Estimates are that increased feed processing from CFRC activities will contribute more than $2M to Canada's gross domestic product through direct benefits to the crop and livestock industry and indirect benefits through employment.
"Thanks to our partners in government and industry, this national feed research centre is one of the most advanced and diverse in the world—the only one with both pilot-scale and high-volume commercial processing production lines," said Karen Chad, U of S vice-president research. "This means that promising lab discoveries can move quickly from pilot-plant testing to industrial-scale research—a major advantage in attracting commercialization activities and engaging industry."
Building upon the university's signature area of research titled agriculture: food and bio-products for a sustainable future, CFRC researchers will add value to low-quality crops, improve nutrient availability to animals, reduce antibiotic use, and develop enzymes and other bioactives or nutraceuticals to maintain animal health and improve feed efficiency.
Both graduate and undergraduate students will participate in the research, gaining advanced training for careers in the feed and livestock sectors.
The centre is the first of its kind in North America to install new seed-sorting technology that promises to maximize value, quality and safety.
"Feed accounts for 60 to70 per cent of the production costs of animal protein such as meat, milk and eggs," said Tom Scott, U of S Research Chair in Feed Processing Technology. "The centre will research the use of processing to improve conversion of low-quality and highly variable ingredients, such as feed grain or co-products of bioprocessing, resulting in safe, high-quality animal feed and providing value to both producers and consumers."
Funding includes $5 million from the Government of Saskatchewan, $4.88 million from the CFI, $2.46 million from Cargill, $911,544 from Western Economic Diversification (including the seed sorter), and $600,000 from U of S and its suppliers.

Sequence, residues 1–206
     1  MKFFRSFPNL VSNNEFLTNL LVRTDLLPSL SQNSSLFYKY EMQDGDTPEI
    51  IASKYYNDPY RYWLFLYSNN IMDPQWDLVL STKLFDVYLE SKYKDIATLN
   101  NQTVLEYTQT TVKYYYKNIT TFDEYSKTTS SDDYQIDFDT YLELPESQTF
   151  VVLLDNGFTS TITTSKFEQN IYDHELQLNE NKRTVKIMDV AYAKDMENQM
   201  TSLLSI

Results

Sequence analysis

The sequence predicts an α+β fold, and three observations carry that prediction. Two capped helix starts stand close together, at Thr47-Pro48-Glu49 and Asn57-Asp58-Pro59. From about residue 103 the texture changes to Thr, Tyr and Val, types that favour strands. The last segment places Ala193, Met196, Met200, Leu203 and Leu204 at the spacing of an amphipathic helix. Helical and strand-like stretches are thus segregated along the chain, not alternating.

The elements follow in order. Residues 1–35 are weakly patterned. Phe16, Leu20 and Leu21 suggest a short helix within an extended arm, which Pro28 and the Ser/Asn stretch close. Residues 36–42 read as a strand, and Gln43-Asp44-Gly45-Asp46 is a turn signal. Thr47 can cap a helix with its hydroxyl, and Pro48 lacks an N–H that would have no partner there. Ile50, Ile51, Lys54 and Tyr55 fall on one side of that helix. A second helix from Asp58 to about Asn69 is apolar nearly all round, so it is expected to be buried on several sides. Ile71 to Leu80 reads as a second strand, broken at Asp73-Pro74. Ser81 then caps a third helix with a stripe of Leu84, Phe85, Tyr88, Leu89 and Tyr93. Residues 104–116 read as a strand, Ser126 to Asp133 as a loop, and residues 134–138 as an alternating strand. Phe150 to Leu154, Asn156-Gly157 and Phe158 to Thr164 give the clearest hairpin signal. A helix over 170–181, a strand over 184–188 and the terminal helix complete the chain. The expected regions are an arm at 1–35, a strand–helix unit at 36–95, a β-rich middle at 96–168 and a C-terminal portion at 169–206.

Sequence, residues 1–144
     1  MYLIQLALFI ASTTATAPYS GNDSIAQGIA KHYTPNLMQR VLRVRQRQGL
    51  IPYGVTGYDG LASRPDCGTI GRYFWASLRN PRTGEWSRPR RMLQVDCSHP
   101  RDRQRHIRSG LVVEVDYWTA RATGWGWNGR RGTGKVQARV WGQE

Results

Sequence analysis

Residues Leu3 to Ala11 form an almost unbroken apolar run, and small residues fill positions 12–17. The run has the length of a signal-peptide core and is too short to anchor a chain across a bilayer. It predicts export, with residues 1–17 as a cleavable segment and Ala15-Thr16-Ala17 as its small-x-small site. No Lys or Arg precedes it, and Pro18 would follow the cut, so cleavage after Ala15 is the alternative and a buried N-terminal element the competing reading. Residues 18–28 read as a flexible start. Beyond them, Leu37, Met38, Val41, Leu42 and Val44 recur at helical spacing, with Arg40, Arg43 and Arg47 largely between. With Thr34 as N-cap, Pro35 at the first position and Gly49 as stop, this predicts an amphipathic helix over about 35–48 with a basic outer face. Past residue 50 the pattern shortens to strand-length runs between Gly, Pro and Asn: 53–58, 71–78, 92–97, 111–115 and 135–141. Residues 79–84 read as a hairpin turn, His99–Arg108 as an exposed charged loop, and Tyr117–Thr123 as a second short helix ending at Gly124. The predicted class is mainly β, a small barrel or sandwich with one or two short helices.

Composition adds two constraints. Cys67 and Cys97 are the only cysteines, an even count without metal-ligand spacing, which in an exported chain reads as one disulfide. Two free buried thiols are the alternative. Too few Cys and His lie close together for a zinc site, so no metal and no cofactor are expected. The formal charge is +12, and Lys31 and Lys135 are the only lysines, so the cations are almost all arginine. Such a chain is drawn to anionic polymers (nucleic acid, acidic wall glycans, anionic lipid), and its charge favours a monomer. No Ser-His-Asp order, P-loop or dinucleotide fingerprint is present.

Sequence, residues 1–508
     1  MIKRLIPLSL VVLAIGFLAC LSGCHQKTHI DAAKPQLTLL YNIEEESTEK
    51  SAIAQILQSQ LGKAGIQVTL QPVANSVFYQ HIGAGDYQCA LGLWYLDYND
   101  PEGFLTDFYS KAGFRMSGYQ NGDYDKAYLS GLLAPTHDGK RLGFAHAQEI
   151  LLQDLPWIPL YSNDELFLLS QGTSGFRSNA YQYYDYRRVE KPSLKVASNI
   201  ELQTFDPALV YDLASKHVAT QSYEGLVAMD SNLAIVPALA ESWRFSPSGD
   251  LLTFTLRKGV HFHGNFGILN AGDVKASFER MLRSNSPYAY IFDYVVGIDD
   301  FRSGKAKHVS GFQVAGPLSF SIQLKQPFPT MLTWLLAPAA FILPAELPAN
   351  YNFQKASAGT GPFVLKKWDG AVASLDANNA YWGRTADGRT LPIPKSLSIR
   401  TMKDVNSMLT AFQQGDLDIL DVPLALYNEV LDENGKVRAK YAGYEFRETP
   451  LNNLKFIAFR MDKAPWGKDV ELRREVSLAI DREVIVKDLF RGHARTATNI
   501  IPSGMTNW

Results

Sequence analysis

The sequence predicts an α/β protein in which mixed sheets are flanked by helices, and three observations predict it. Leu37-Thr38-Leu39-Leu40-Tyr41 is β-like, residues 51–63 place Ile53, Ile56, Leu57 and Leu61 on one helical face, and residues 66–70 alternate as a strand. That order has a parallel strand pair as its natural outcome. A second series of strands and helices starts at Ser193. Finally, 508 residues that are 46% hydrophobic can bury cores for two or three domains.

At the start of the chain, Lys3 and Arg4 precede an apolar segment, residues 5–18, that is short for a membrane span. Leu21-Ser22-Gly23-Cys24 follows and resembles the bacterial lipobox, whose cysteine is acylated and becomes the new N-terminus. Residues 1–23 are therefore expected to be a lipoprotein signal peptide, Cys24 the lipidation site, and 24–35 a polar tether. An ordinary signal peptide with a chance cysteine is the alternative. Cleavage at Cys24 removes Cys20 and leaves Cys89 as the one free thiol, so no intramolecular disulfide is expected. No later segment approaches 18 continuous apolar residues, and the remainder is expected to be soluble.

Quotes from our partners:
Government of Canada: "Our Government's top priority is economic growth and job creation," said Agriculture Minister Gerry Ritz. "The technology and capacity for advanced research at the Canadian Feed Research Centre will keep Canadian producers on the cutting edge, generating greater profits, jobs and long-term economic development."
Government of Saskatchewan: "The Government of Saskatchewan is pleased to support the establishment of the Canadian Feed Research Centre," said the MLA for North Battleford, Herb Cox, on behalf of Saskatchewan Agriculture Minister Lyle Stewart. "This important research and training initiative supports the goals in our Saskatchewan Growth Plan and is a welcome addition to our vibrant agricultural sector."
Canada Foundation for Innovation: "When you bring together researchers and their industrial and provincial partners under one roof, innovation is bound to happen," said Gilles Patry, president and CEO of the Canada Foundation for Innovation. "Working in state-of-the-art labs, these unique teams will find real-world solutions for Canada's agriculture and livestock sectors."
Cargill: "The University of Saskatchewan's new Canadian Feed Research Centre provides an important partnership that offers a broad range of research scale capabilities—from a laboratory, to a pilot plant, to industry-scale research—which is a major advantage in attracting commercialization and engaging our industry," said Jennifer Henderson, managing director of Cargill's animal nutrition compound feed business in Western Canada. "The U of S and Cargill have a longstanding relationship and both invest in communities where we are located. We are proud to be associated with the university and look forward to the capabilities the center will offer to the animal feed industry."
For more information, contact:
College of Agriculture and Bioresources
University of Saskatchewan